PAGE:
Opinion: The psychological cost of lockdown

As the focus of the national effort remains firmly on reducing the number of cases of COVID-19 and helping those who need to access care, the mental health implications of the UK quarantine are not yet the top priority. Richard Dawson draws on a comprehensive review of previous epidemics to see what the psychological cost might be

One of the most positive aspects of the coronavirus health crisis is the amount of public information and personal advice available to people for how to look after your mental health in such difficult times.

From business leaders sharing best practice on working from home to healthcare providers publishing guidance on how to reduce health anxiety and stress, such an outpouring of opinion and commentary has helped foster a sense of community spirit and solidarity.

That shared sense of responsibility is particularly important when it comes to adhering to Government instructions on staying at home.

But in the weeks and months ahead, the lasting impact on many people’s mental health may become more apparent.

Numerous studies have found that social distancing, self-isolation and quarantine measures inflict a heavy psychological cost that can persist long after the immediate threat posed by infection has subsided.

Giving people as much information as possible, as the Government is trying to do, can reduce that psychological cost. But, if previous epidemics are anything to go by, the cost will still be significant.

A review of the psychological impact of quarantine released by The Lancet at the end of February compiled studies about epidemics such as SARS, MERS, H1N1 Influenza and Ebola.

While the results varied on a case-by-case basis, most studies reported a range of negative psychological effects associated with quarantine measures, some of which lasted much longer than others.

The kinds of psychological effects ranged from low mood, irritation and stress through to emotional disturbances, depression and post-traumatic stress disorder (PTSD).

Many of these effects were most prevalent during the quarantine period but long-term behavioural changes were also observed.

In the case of a group of health-care workers surveyed three years after the SARS outbreak, for example, alcohol abuse or dependency was positively associated with having been quarantined.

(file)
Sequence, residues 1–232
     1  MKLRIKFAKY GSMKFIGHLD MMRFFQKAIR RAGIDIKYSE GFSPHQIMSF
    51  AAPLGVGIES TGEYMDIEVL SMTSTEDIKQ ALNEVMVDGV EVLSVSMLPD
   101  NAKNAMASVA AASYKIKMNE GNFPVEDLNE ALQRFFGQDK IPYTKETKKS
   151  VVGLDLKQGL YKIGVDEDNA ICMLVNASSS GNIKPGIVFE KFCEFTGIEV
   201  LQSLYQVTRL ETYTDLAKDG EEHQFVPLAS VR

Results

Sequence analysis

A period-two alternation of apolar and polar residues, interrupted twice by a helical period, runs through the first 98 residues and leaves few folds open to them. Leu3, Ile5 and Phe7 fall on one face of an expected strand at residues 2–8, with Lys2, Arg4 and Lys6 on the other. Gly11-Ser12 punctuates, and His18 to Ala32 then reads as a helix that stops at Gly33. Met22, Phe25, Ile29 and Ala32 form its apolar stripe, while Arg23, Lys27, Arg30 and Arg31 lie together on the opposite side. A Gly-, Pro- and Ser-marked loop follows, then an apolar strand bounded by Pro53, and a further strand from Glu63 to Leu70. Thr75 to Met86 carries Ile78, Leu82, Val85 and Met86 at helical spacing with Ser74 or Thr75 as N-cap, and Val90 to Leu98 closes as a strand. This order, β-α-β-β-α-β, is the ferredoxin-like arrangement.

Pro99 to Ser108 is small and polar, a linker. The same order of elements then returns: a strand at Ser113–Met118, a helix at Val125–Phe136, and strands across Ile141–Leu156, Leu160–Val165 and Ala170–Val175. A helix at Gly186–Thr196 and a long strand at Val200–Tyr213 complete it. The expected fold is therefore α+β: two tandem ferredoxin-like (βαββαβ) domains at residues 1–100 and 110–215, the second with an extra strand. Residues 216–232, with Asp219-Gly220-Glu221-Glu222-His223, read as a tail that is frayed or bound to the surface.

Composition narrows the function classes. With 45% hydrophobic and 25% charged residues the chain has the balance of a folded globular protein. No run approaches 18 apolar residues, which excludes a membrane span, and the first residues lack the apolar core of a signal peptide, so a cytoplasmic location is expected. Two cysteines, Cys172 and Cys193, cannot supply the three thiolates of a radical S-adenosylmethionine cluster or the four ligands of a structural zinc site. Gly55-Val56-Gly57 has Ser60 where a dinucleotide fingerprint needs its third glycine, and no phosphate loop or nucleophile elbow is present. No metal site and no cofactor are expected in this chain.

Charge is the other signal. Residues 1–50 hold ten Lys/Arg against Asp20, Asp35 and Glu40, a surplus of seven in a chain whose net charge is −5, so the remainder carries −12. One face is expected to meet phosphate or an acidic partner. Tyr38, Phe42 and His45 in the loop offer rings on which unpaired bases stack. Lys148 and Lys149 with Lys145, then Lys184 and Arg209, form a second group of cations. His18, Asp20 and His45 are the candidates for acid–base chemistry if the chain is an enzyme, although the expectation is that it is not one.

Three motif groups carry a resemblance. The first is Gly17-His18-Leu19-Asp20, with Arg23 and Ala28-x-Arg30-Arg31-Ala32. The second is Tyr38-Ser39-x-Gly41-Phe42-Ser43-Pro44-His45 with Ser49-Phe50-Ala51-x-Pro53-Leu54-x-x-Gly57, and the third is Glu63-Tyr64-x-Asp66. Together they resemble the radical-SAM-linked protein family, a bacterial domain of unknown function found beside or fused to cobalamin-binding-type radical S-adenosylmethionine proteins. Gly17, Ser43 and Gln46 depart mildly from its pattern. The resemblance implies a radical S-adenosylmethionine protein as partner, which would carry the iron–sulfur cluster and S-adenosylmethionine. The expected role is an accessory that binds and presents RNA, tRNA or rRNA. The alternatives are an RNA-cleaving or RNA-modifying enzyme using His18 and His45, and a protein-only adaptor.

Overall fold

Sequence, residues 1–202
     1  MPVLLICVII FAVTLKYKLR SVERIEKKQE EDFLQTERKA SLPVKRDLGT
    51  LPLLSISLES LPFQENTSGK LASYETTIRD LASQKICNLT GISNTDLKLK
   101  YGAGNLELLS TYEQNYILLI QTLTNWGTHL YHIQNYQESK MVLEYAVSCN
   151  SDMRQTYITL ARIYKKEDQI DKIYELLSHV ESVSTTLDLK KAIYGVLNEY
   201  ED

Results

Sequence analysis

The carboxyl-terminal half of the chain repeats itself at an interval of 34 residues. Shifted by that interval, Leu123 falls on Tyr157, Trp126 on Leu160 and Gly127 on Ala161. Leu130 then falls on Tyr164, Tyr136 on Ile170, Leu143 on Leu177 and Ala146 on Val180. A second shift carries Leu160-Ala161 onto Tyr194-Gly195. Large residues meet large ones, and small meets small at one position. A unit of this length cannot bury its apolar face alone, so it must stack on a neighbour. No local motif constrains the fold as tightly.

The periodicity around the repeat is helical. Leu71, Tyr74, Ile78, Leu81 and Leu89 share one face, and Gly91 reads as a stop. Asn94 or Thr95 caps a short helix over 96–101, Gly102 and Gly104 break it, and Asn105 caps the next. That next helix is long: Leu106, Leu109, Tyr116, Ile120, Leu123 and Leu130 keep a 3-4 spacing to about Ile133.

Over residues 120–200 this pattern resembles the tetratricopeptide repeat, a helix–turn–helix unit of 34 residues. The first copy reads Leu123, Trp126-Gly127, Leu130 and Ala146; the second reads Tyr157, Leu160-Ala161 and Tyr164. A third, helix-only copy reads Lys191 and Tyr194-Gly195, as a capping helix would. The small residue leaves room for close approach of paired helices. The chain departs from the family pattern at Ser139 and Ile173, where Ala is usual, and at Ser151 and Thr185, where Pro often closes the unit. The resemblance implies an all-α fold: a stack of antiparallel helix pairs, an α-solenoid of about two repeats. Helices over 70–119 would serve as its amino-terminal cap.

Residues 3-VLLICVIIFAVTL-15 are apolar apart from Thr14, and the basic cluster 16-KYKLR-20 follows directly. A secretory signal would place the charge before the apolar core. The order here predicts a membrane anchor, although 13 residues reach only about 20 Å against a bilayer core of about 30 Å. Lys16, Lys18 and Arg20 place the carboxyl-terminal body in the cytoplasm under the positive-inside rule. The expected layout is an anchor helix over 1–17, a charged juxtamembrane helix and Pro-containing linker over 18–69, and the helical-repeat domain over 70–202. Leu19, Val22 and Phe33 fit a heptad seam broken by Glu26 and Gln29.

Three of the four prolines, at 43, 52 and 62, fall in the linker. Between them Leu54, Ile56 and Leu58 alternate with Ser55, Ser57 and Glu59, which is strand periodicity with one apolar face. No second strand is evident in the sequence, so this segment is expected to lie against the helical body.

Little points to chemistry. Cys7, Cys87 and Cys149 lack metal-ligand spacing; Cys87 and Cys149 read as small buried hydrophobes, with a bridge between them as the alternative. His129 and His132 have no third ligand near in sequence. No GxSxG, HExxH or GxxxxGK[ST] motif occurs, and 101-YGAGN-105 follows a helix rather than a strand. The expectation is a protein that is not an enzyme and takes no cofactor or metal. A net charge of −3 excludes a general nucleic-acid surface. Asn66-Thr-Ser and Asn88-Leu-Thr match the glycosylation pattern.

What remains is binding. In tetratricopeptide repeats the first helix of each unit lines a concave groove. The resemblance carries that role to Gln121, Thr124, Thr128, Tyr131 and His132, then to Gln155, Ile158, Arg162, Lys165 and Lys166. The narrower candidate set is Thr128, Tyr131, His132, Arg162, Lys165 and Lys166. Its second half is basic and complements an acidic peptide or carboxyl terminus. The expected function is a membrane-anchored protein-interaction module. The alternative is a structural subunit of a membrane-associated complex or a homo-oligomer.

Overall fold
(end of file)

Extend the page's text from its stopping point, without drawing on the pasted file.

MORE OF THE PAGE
Similarly, a study of people quarantined because of potential SARS contact noted that 54 per cent avoided people who were coughing or sneezing, 26 per cent avoided crowded enclosed spaces and 21 per cent avoided all public spaces in the weeks following quarantine being lifted.

Other long-term behavioural changes included vigilant handwashing and avoidance of crowds. For some, the review claims the return to normality was delayed by many months.

Things which were most likely to cause people stress during quarantine were fears of infection, frustration and boredom, inadequate supplies, poor information and the duration of the quarantine itself.

Post quarantine stressors were typically concerns about financial loss through being unable to work or having professional life interrupted and stigma from others.

The severity of the mental health consequences of quarantine set out above reinforce the importance of a strong mitigation strategy as we grapple with the psychological fallout of this pandemic.

The UK is into its third week of quarantine and it is widely expected that the Government will extent this next Monday (April 13), given that the number of new infections is still rising.

The Lancet review notes that a big part of mitigating negative mental health outcomes is giving people as much information as possible and on this front, the proliferation of public information and personal advice that we have seen should stand us in good stead.

The other obvious thing is to keep the quarantine period as short as possible. But the Government is hamstrung given the scale of the epidemic in the UK and the need to slow down transmission to protect people and the NHS.

With the UK potentially facing many weeks in isolation and months of social-distancing measures, there is no easy way of reducing the psychological impact.

The growing body of information and advice will have a positive effect, but it is likely that we will still see a large increase in the number of people presenting with mental health problems.

That is why a cross-party group of MPs and peers recently appealed to the Health Secretary Matt Hancock to provide funding to mental health charities providing vital support.

In her historic remarks on Sunday night (April 5), the Queen appealed to quintessential British attributes of self-discipline, good-humoured resolve and fellow-feeling, claiming that “those who come after us will say that the Britons of this generation were as strong as any.”

Keeping that historical perspective at the forefront of our minds will bring some comfort to many. But we must make sure, as a community, we continue to support each other through the inevitable worry that comes with not knowing when this thing will end. It will.